In this show I will be taking you to Bangladesh, Pakistan, Afghanistan, Nepal, Cameroon and Zimbabwe. For example why do people learn English in Pakistan? And what do you think the best way of delivering training would be to the semi-literate migrant workers of Bangladesh? This show includes snippets of recordings made at the IATEFL conference in Manchester last month. Continue reading IATEFL +++ Manchester +++ Pakistan +++ Nepal +++ Bangladesh +++ Afghanistan +++ Zimbabwe +++ Cameroon +++ Absolutely Intercultural 190 +++
In this show we will ask is it possible to build a relationship with a teacher thousands of miles away?
I also have news of two free courses coming up later this year, which might interest internationally minded listeners based in Europe. The first one, called M-HOUSE, is for people who are home-based for whatever reason, be it unemployment, looking after children and so on and who might be interested in exploring whether starting a business would be a good idea. The second project called FLITE, is aimed at people either already working or who are well on their way to getting a degree in computer sciences and who are also interested in working on a business idea. These are two projects I’m working on where we will be needing pilot students who will be able to do the courses for free. Why is this international? Because you will be doing the course online and will be working with people from all over Europe.
Culture is often bound up in language and language learning and in our first category, absolutely educational, I found a very unusual way of learning a language….
For those of you who do not live in Europe I imagine that some of you sometimes think that we exaggerate the differences within Europe but when I talked to Natalia Pérez de Herrasti, a Spaniard living in Germany, I was introduced to a whole new perspective explaining the differences between Spaniards and Germans!
And if you want to test yourself on your understanding of some of these differences then I’ll be introducing you to the intercultural games from Diversophy which you can get on paper, in the virtual world, Second Life and as mobile phone apps.
Another app which I’ve just discovered is Google Translate for Animals. You can get this for Android phones and all you do is hold your phone in front of the animal to record what they are saying and Google Translate for Animals will translate this and speak the message for you. Unfortunately this is only in English at the moment but it really opens up a whole new world for us to interact with. There is also a video demonstrating how this works.
But we’ll start with an intercultural challenge. This came up while I was talking to Natalia Pérez de Herrasti and took me a little by surprise as it was not something that I had ever thought about. So let’s be absolutely challenging and see if you know the answer to this little intercultural situation. I’ll give you some time to think about that and reveal my reply at the end of the show!
In our next category, absolutely educational, I’m going to let you listen to the homework of one of the students on the Communication Station course offered by UIC. What was her homework? To make a podcast about the Gay Pride carnival in London during which she learned a couple of intercultural differences along the way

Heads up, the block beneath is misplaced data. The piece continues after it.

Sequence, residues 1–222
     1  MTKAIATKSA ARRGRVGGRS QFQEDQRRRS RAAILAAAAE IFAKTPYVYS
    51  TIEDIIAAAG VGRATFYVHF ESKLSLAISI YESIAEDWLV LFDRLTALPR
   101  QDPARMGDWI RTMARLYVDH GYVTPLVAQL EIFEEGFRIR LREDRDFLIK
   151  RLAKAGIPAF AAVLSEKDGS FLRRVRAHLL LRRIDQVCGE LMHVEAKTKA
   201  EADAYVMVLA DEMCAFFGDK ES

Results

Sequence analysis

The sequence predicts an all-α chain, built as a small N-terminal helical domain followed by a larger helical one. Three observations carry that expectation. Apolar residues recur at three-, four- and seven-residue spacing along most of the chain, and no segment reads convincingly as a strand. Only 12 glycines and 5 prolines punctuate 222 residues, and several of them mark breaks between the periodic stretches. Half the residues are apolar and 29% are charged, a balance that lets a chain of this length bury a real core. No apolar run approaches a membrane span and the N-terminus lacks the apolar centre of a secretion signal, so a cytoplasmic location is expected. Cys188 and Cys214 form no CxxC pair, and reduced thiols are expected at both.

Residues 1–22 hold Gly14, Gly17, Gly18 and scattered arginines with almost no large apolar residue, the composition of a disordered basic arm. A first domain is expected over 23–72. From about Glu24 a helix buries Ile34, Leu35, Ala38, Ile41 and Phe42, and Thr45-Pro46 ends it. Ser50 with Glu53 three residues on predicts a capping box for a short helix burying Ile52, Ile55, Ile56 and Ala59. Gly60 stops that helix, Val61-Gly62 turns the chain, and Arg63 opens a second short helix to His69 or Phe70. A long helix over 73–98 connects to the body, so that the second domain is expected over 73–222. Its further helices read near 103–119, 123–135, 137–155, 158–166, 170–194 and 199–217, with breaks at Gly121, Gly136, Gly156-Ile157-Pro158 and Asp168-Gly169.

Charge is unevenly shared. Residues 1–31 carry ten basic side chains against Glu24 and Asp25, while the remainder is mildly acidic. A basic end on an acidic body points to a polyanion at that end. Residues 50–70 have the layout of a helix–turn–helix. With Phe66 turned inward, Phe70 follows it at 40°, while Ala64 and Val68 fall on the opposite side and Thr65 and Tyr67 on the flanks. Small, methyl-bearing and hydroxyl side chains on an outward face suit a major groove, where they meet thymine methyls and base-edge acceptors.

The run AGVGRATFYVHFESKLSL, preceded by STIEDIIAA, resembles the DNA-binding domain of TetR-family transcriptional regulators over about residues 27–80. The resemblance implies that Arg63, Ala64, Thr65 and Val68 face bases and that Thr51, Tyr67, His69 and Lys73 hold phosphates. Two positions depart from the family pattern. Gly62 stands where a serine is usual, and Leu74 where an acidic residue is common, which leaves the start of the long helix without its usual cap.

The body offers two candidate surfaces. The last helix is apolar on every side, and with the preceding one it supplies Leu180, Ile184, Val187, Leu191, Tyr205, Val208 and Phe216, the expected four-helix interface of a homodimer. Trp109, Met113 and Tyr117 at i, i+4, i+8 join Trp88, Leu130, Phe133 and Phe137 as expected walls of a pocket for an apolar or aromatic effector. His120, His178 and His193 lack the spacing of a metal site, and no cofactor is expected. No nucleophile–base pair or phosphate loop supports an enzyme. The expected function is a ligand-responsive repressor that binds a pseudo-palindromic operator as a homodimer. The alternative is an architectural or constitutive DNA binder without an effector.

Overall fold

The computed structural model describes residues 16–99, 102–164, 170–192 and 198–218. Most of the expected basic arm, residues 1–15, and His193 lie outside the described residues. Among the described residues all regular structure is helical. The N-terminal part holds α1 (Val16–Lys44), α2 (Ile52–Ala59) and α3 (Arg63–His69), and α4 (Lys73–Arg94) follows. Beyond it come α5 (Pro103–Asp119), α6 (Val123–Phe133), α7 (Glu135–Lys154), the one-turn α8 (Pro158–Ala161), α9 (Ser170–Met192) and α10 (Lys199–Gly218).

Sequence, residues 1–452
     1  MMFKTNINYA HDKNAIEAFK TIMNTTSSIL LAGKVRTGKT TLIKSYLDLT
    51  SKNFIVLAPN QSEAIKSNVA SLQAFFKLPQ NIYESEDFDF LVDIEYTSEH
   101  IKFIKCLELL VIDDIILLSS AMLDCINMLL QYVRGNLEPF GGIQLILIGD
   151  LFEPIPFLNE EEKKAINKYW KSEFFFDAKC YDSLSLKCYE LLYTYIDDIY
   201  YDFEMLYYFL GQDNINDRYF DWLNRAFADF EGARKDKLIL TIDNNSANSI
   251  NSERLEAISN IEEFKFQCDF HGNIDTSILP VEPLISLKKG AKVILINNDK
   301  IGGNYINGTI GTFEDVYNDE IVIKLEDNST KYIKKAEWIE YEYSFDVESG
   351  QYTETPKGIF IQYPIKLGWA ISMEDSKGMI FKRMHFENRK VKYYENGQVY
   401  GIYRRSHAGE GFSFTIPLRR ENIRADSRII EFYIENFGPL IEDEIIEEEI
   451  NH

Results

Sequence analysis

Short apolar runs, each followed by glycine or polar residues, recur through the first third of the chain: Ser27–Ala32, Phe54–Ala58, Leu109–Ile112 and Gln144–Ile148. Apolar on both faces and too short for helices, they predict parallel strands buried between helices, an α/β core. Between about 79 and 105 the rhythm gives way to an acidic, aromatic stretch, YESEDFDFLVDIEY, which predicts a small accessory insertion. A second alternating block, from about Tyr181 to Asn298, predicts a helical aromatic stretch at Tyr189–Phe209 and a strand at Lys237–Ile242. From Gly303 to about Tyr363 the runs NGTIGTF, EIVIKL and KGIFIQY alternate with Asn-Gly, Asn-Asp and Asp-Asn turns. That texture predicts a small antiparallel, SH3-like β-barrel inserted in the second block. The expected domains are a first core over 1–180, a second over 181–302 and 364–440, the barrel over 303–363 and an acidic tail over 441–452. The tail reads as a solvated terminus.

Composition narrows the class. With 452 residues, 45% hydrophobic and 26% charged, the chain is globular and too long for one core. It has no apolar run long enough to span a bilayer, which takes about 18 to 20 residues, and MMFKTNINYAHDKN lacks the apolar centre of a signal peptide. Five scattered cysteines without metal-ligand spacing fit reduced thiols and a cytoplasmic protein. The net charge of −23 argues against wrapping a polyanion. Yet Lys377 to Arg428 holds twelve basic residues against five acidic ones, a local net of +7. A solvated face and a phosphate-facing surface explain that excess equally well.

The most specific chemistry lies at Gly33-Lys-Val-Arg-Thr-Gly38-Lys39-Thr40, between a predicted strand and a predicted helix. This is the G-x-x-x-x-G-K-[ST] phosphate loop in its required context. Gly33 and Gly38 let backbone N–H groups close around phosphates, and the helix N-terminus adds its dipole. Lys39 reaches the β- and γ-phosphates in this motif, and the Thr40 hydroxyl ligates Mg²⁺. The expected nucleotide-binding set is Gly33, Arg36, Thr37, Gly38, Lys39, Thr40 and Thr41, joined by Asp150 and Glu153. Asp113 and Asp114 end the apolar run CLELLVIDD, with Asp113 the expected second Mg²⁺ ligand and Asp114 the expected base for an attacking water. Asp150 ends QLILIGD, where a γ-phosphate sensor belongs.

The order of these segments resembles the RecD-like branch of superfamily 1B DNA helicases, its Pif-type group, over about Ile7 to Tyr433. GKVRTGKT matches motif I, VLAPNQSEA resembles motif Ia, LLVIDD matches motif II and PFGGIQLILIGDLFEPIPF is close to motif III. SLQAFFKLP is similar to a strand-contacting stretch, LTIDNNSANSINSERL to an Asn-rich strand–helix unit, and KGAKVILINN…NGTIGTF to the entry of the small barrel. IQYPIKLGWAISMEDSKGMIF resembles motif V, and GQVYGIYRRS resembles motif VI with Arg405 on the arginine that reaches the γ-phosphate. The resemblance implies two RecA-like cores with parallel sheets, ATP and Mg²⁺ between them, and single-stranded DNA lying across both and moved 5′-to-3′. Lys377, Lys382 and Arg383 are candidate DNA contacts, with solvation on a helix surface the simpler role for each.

absolutely first class
This way of learning English won first prize at the British Council ELTON awards in February for innovation in English language teaching and in our next category, absolutely first class So let’s find out how the students react and how you can sell this as a language learning course.
Natalia Pérez Herrasti who is Spanish has been teaching the language in Germany for almost twenty years. Natalia got in touch with us to tell us about the new four volume book she is writing in Spanish about a practical approach to intercultural communication, but our conversation ranged far and wide and the bit I want to play now is when Natalia suggested that one reason that the Spanish and Germans are so different is that the Spanish have a very oriental outlook. I really recommend a visit to Liu Yang’s exhibition of intercultural graphics as they are very thought-provoking.
So images are one way of thinking about intercultural situations and games are another. Diversophy is the name of a collection of games which can be played face to face, online in Second Life or on your mobile phone. The Second Life games are free and there is lots of information and free samples on the Diversophy website. I’m hoping to be able to talk to someone from the Diversophy organisation in a future show so that I can get behind the thinking behind playing to learn.
And talking of playing to learn, have you thought about that little conundrum that we presented you with at the beginning of the show? And to make that into even more of a game I have chosen Natalia’s intercultural challenge as the snippet to use in the online dictation game for this show. By the way, did you notice the date today? One of the items I mentioned on the show is not true! I wonder if you can guess which one? If not, then April Fool!
Our next show will be coming to you from Dr. Laurent Borgmann in Germany on15th April
So long … stay tuned!
The host of this show is Anne Fox : Editor: Markus Scherer